Viewpoint

Why women leave the workplace

Let's raise a glass of champagne to the official closing of the math gap. It turns out that girls do not lack the math gene. Nor are they math-phobic. Nor is there any “intrinsic” difference between the abilities of girls and boys to succeed in the numbers business. There's no reason at all for inequality. In fact, there's no longer inequality.

A new study of math scores of 7 million students in 10 states shows girls are now on a par with boys. Girls reached parity the new-fashioned way: by taking more math classes.

This comes just in time for our young math whizzes to figure out a harder puzzle. Another gender gap is closing, this time in the workplace. After decades spent pursuing equality, women have achieved it — in job loss.

Debunking the ‘opt-out' myth

A report shepherded through Congress by Rep. Carolyn Maloney shows that since the 2001 recession, women have lost jobs and withdrawn from the workplace at the same rate as men. More to the point, they've remained out for the same reasons as men: layoffs, downsizing, outsourcing and wage stagnation.

Needless to say, this is not the sort of equality we were looking for. But if there is any good news, it's that this report may finally, firmly debunk the idea that droves of women are “opting out” of the workplace for a very different reason: full-time motherhood.

The “opt-out revolution” arrived with a 2003 New York Times Magazine article declaring: “Why don't women run the world? Maybe it's because they don't want to.” The idea was that the best and brightest daughters of the women's movement were choosing home and hearth over “having it all.”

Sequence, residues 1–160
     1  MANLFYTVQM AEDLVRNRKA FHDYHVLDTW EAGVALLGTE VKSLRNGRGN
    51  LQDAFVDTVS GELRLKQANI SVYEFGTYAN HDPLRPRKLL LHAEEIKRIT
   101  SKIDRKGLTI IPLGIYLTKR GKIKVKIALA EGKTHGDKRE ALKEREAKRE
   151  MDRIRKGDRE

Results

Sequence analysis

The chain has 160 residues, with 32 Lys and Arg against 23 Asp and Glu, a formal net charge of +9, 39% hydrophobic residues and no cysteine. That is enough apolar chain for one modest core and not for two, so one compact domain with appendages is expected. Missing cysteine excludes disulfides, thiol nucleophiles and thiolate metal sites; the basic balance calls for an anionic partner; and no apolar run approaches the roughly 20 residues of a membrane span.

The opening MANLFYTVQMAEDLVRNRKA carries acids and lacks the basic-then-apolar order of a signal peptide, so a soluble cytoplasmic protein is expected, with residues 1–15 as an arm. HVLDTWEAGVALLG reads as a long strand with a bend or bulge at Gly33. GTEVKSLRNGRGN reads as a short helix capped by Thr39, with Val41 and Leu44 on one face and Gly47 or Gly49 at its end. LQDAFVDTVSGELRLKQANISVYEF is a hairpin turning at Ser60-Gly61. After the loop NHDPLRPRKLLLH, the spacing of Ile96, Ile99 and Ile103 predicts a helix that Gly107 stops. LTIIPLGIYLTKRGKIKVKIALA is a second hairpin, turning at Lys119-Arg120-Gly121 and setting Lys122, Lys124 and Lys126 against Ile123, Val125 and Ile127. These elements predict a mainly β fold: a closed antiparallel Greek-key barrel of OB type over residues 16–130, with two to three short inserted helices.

But when economists ran the numbers, they found there's no actual proof that motherhood causes women to drop out. Sociologists talked with opt-outers, who gave a far more complex picture of the day that work push came to child pull.

But the story kept chugging along on lifestyle pages and in conservative think tanks. It divided women, especially mothers, and turned the sisterhood into a firing squad.

This narrative didn't just survive because it fit traditional views about a woman's “real” place. It reflected the inner struggle of many mothers trying to balance work and home, boss and child, in the 24/7 work world.

In hard times too it was easier to tell yourself and others that you'd opted out than been pushed out. It framed the whole debate in the language of choice, suggesting that women have a buffet of lifestyle tidbits for our delight — work, home, both — rather than a series of hard decisions.

The downside, the subtraction lesson, if you will, is that the “choice” frame makes it far too easy to reduce the problems of work and family to the lowest common denominator of one: one woman, one family, one personal decision.

“If it's true that women don't want to work,” says one economist, “think of all the problems that disappear overnight. We don't have to think about family leave or after-school or the day-to-day grind or the tough challenges of work and family.”

It's the economy after all

Now comes the congressional report on the equality we didn't want. “When we saw women starting to drop out in the early part of this decade, we thought it was the motherhood movement, women staying home to raise their kids,” said congressional economist Heather Boushey. “We did not think it was the economy, but when we looked into it, we realized that it was.”

When men are downsized, outsourced and discouraged, we say they're unemployed. But when women get pushed out of the economy, we like to say they “opted out.” Now we know this just doesn't add up.

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